Listened to ‘The Daily’: Part 3 of ‘Charm City’: The Lure of the Streets by Sabrina Tavernise from nytimes.com

What happened to the generation caught between a crack epidemic that consumed their neighborhoods and the aggressive police tactics meant to fix the problem?

Nook spent the first few years of his life in an affluent suburb. But when he returned to Baltimore, he became part of a young generation caught between the crack epidemic and the aggressive police tactics meant to fix the problem.

For the past two days, we’ve been bringing you the story of the life and death of Lavar Montray Douglas, known as Nook. He was 18 years old when he was shot dead by a police officer in Baltimore in 2016.

In Part 3, we look at Nook’s childhood. He spent the first few years of his life with an aunt in an upper-middle-class home outside Baltimore, taking piano lessons and going to church every week. Yesterday, we learned that Nook’s mother, Toby Douglas, kept returning to Baltimore. The same thing happened to Nook.

We go to Nook’s Baltimore, to his corner on Calhoun Street and Pratt Street. Some of his friends are still there, and we talk to them about Nook’s life. He was ambitious, they say. A leader. His mother was proud of that.

Everybody was talking about the Baltimore police officers who had just been on trial, accused of stealing from drug dealers. You see, they said, we were right. The cops are robbers. We said this all along, but nobody believed us.

Suddenly, two police officers pull up, and we encounter something that seems to be emblematic of the changes in the Baltimore Police Department.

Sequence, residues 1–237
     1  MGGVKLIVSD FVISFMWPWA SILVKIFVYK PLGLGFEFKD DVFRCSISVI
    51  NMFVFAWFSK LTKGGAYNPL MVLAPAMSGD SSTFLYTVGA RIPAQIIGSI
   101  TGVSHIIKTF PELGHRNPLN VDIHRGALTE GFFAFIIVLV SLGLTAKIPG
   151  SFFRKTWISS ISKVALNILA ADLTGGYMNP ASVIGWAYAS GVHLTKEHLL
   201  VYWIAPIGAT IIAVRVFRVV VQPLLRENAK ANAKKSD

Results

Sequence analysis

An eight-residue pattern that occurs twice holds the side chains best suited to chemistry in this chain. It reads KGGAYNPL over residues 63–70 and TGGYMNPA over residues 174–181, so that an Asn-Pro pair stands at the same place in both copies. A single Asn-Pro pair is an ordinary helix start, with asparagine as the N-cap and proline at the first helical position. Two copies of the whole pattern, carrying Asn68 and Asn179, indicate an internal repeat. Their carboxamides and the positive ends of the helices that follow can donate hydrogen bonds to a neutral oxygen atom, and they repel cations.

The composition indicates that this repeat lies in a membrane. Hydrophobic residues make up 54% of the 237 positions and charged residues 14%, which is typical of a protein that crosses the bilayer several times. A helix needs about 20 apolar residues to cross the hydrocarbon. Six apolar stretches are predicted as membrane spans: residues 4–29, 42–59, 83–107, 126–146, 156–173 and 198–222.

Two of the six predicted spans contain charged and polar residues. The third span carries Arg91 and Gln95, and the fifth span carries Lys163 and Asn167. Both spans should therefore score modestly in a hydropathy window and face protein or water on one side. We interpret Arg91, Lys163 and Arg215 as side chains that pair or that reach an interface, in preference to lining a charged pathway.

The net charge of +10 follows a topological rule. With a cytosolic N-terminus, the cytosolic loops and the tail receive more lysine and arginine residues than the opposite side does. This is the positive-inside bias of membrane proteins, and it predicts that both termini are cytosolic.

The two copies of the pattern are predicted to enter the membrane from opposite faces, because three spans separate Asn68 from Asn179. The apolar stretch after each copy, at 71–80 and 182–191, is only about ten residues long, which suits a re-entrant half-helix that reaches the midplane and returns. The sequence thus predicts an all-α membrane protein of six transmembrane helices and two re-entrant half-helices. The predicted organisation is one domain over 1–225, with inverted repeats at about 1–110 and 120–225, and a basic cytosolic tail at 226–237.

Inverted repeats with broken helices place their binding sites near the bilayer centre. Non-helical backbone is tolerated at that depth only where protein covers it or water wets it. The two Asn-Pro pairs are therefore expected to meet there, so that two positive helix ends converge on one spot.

If you’d like to start from the beginning, here are Part 1 and Part 2.

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🎧 The Daily: “Charm City,” Part 2: The Legacy of Zero-Tolerance Policing | New York Times

Listened to ‘The Daily’: Part 2 of ‘Charm City’: The Legacy of Zero-Tolerance Policing by Sabrina Tavernise from nytimes.com

How did trust between the police and the people in Baltimore collapse within the span of three generations?

Yesterday, we started telling you the story of Lavar Montray Douglas, known as Nook, an 18-year-old in Baltimore who was killed by the police in the spasm of violence that began after Freddie Gray died from injuries sustained while in police custody.

In Part 2, we visit Nook’s mother, Lashanda Douglas, known as Toby, in the house she moved into after her son was killed. She sits on the floor of her bedroom, partially covered by a large pile of clean clothes. She is grieving, and folding them and putting them away is soothing. We learn about her past. She graduated from high school with honors. She fled Baltimore to escape a bad boyfriend. But the city eventually lured her back.

We’ll also go back in time, to the Baltimore of Nook’s grandmother and great-grandmother, of flower pots and tidy blocks, when men were still part of families and middle-class jobs were plentiful. We’ll see that relations with the police weren’t always bad. But job loss and drugs tore through the city like plagues. And the policing idea of zero tolerance, transplanted from New York City, created an entire generation of young men with criminal records.

Every day this week, we’ll bring you a new chapter in Nook’s life and his family’s search for answers about his death. If you’d like to start from the beginning, here’s Part 1.

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🎧 Introducing ‘Charm City,’ a 5-Part Audio Series from ‘The Daily’ | New York Times

Listened to Introducing ‘Charm City,’ a 5-Part Audio Series from ‘The Daily’ by Sabrina Tavernise from nytimes.com

A year after the killing of Freddie Gray, a teenager in Baltimore was fatally shot by the police. This is the story of his life and death, and of a grieving family looking for answers.

[Read a transcript of Part 1 of the series.]